Den (dewhitton) wrote,
Den
dewhitton

Oil Spill

sleepyjohn00 posted an idea in his journal to remove oil, asking if that would work. Multiple drums connected in sequence, each one removing more oil as the mix flows through. It would work but not at the volumes required to clean up a spill larger than the Exxon Valdese. It's not possible to clean this leak while it's floating on the surface. You have to wait until it comes to shore where it can be concentrated so that skimmers can separate the oil from the water. This is the trick with separating oil and water. Your pumps have a maximum limit to what they can push through the separator. If you pump does, say 100 litre/minute and the water:oil mix it 99:1 then you have to pump 100 litres of mix to get 1 litre of oil. If the mix is concentrated to 50:50 then you extract 50 litres of oil from the 100 litres you pump.

Floating booms will NOT stop oil, but they WILL redirect it to where you want. You can minimise the damage by using booms to direct the floating oil away from areas and concentrating it in catchment basins. You can see how to do this by reading Fishgrease' Fucking Boom School. Once the oil is contained you can start the separation process.

I would use banks of coalescing plate oil separators that empty to decanting drums. Kevin Costner is hawking his multi-million dollar "Ocean Therapy", but 5 minutes of reading tells me he has reinvented the Hydrocyclone. I've used these - you can buy them off the shelf - in the equipment I sell to strip oils and silt from water. They are massively complicated and very expensive, and do not give you 100% clean water. You get a better result from letting the liquid sit in a settlement pit for 24 hours and letting good old uncomplicated cheap gravity do the work.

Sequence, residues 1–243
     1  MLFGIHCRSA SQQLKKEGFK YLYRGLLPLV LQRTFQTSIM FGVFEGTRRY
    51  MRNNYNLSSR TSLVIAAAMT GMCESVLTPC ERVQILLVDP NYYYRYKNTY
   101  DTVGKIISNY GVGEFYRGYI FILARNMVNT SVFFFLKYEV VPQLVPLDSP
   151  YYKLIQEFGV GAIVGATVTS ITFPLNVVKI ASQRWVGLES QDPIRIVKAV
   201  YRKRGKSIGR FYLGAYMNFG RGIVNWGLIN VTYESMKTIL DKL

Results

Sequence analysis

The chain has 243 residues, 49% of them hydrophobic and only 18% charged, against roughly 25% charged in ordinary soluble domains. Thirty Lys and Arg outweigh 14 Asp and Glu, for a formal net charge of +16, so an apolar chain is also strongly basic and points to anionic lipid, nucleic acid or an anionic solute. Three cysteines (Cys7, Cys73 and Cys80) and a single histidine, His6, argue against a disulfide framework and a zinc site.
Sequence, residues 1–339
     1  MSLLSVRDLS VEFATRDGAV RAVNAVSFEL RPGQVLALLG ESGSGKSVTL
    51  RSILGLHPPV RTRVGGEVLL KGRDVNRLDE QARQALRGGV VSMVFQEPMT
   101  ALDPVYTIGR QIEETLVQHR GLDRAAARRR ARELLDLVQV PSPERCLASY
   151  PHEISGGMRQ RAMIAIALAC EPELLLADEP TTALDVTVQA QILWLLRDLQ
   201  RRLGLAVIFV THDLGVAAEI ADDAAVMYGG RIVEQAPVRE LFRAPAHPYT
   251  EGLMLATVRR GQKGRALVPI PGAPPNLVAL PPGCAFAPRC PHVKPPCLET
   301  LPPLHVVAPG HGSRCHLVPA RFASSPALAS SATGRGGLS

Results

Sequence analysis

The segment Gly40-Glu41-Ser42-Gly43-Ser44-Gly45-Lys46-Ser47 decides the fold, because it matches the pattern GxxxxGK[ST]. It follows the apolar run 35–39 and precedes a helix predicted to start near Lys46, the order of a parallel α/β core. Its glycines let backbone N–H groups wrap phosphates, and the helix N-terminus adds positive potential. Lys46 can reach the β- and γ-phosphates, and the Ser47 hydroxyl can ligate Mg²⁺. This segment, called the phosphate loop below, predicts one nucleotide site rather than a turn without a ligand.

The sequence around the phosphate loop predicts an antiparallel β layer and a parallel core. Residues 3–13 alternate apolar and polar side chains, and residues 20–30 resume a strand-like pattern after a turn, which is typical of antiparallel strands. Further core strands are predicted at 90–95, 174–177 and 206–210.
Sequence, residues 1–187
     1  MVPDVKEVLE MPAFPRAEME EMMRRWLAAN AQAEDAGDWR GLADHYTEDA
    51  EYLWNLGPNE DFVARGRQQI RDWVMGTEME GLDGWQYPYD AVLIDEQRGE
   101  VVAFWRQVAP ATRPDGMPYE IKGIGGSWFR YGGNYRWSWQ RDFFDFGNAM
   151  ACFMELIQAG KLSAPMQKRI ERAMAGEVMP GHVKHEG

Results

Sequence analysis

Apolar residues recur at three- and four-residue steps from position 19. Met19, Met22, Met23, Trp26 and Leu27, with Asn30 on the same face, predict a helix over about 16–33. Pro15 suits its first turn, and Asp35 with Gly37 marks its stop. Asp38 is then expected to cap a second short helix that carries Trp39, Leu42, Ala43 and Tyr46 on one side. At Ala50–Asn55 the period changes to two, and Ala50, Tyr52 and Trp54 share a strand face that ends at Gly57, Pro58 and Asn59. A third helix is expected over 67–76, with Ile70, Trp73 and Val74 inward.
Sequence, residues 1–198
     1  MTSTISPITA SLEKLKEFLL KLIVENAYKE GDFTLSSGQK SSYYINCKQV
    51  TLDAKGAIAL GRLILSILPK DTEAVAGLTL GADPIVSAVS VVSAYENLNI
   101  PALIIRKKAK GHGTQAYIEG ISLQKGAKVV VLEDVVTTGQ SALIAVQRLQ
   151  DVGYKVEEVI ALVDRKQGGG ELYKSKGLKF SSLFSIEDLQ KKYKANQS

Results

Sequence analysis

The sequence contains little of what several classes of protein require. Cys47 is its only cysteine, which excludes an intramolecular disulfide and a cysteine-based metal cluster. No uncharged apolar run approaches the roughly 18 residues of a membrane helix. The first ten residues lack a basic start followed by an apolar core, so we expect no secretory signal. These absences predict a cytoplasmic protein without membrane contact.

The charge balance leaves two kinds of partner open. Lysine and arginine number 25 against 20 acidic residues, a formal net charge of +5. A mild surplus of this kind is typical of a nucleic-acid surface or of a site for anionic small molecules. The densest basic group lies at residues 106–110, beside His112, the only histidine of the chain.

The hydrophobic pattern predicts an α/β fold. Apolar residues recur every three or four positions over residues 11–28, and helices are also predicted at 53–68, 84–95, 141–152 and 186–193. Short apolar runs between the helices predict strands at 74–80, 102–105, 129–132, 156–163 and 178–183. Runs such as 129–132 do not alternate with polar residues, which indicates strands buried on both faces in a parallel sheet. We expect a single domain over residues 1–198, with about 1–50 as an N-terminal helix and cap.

Coalescing plate oil separator.


Hydrocyclone


Decant Drum. Oil/water from separator goes into the top, water goes out the bottom, and oil stays in the drum. When the drum is full you plug the holes and install a new drum. These can be made from a standard 44 gallon (or 50 US gallon) drum and some PVC pipe.

So, after using the booms to direct the oil into collection basins, I would use banks of surface skimmers, diaphragm pumps and coalescing plate oil separators - the more of these, the more litre per minute you can treat - to separate the oil and dump it into decant drums, which would do further by-gravity separation. The drums are capped when they are full and sent to be processed at an oil refinery. All this is off-the-shelf hardware, available right now.

Oh, and those plumes of oil under the water? That's what dispersant does. That's what dispersant is supposed to do: break the oil into little drops and sink them into the water column so that the oil disperses and doesn't form a huge surface slick. The volatile fractions eventually evapourate leaving tar balls that sink or wash ashore. Did people think the dispersant made the oil magically vanish?

ETA: see what happens when I try to add content instead of just links? BORING.
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